Washington Post’s story on minority students at Florida SUS institutions is important, but STEM degree underrepresentation may be a bigger problem

Not to minimize the issue raised by the Washington Post story on minority underrepresentation among students at Florida’s State University System institutions, but in my view this is a bigger problem:  Black students (and to a lesser extent Hispanic students) are underrepresented among SUS bachelors’ degree grads in STEM fields, and especially engineering and the physical sciences.

In the plots below, the bar on the left side gives the percentage of Florida’s population that is black or Hispanic (from the WaPo story).  Then there are bars in each graph for computer fields (CIP 11), engineering (CIP 14), biological sciences (CIP 26), mathematics and statistics (CIP 27) and the physical sciences (CIP 40).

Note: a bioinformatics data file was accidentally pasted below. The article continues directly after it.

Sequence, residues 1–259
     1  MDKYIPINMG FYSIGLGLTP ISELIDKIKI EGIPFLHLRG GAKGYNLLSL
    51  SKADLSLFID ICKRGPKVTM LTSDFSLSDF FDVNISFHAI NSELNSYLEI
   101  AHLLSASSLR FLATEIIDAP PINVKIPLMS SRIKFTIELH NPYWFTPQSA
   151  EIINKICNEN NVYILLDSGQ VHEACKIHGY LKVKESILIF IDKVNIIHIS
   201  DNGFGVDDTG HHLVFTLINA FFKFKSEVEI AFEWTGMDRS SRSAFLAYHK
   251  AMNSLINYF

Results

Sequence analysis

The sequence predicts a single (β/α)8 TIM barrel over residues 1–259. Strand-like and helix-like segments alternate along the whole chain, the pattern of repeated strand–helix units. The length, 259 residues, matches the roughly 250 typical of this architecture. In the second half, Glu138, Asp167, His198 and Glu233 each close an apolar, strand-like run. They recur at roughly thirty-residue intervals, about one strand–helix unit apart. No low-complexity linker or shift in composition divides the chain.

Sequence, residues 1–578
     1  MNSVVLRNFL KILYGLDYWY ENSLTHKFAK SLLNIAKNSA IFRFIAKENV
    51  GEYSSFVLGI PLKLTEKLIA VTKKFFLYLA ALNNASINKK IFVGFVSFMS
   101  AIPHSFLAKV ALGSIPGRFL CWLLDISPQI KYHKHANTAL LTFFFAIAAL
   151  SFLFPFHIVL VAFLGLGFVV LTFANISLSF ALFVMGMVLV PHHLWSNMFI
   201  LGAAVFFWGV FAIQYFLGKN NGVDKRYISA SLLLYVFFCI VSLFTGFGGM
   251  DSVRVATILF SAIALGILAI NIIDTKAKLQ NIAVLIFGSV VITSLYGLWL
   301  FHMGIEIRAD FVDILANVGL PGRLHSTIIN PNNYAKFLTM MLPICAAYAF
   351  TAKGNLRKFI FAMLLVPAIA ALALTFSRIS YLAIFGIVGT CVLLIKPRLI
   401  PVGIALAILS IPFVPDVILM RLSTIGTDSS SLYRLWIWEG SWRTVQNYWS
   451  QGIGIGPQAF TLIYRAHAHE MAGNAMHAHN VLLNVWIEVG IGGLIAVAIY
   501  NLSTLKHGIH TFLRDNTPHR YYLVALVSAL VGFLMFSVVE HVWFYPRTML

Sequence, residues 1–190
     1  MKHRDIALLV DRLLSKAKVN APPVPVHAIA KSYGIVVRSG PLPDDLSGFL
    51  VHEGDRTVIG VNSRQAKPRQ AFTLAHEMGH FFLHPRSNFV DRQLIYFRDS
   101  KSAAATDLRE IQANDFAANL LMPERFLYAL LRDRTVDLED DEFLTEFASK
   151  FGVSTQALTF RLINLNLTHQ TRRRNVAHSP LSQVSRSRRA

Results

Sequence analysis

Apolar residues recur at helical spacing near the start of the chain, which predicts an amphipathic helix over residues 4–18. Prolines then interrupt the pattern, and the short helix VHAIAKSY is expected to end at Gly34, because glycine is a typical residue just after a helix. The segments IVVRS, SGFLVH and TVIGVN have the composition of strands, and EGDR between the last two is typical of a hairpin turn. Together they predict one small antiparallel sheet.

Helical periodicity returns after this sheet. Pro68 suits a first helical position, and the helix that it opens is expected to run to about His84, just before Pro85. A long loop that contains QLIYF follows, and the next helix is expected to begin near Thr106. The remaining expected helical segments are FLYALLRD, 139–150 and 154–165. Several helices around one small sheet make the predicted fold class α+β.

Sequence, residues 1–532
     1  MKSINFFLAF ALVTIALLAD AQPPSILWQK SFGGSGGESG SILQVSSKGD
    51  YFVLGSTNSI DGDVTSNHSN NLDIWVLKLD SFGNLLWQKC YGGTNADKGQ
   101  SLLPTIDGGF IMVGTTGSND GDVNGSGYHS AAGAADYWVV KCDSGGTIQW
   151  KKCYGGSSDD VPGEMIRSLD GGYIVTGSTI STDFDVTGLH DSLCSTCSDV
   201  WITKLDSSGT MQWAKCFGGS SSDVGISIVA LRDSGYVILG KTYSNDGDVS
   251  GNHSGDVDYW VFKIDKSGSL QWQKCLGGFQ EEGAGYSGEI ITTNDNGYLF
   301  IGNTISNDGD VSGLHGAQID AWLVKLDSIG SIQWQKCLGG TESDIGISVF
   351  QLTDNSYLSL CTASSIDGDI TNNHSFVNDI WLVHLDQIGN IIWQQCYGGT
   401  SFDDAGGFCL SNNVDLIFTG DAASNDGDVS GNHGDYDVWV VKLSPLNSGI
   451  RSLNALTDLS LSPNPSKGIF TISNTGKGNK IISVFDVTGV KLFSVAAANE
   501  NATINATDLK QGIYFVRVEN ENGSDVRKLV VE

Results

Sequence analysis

The data are for 2012-13 and are from the Florida Board of Governors degree search portal.

For comparison, WaPo reports that 13% of SUS students are black and 28% are Hispanic.

I threw in a plot for women as well.  Their situation in computer science and engineering is grievous.

sus_black

sus_hisp

sus_women

Advertisements
This entry was posted in Uncategorized. Bookmark the permalink.

One Response to Washington Post’s story on minority students at Florida SUS institutions is important, but STEM degree underrepresentation may be a bigger problem

  1. Pingback: Is Florida’s AP program really overflowing with success? It’s probably more realistic to say that the glass is half empty. | Bridge to Tomorrow

Comments are closed.